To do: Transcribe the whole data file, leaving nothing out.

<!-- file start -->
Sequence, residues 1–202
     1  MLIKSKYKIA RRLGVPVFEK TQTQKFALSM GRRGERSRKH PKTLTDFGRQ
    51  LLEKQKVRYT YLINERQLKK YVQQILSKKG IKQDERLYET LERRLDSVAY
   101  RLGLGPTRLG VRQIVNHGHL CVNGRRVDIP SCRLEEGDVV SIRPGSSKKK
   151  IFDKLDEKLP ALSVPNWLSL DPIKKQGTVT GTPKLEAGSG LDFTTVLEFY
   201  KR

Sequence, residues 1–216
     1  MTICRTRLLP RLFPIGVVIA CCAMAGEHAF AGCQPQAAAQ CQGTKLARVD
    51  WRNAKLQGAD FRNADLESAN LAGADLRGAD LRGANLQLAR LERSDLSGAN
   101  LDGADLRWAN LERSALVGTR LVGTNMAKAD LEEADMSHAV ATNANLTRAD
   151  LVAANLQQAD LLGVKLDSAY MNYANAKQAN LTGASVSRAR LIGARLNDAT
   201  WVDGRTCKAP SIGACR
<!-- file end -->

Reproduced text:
Sequence, residues 1–202
     1  MLIKSKYKIA RRLGVPVFEK TQTQKFALSM GRRGERSRKH PKTLTDFGRQ
    51  LLEKQKVRYT YLINERQLKK YVQQILSKKG IKQDERLYET LERRLDSVAY
   101  RLGLGPTRLG VRQIVNHGHL CVNGRRVDIP SCRLEEGDVV SIRPGSSKKK
   151  IFDKLDEKLP ALSVPNWLSL DPIKKQGTVT GTPKLEAGSG LDFTTVLEFY
   201  KR

Sequence, residues 1–216
     1  MTICRTRLLP RLFPIGVVIA CCAMAGEHAF AGCQPQAAAQ CQGTKLARVD
    51  WRNAKLQGAD FRNADLESAN LAGADLRGAD LRGANLQLAR LERSDLSGAN
   101  LDGADLRWAN LERSALVGTR LVGTNMAKAD LEEADMSHAV ATNANLTRAD
   151  LVAANLQQAD LLGVKLDSAY MNYANAKQAN LTGASVSRAR LIGARLNDAT
   201  WVDGRTCKAP SIGACR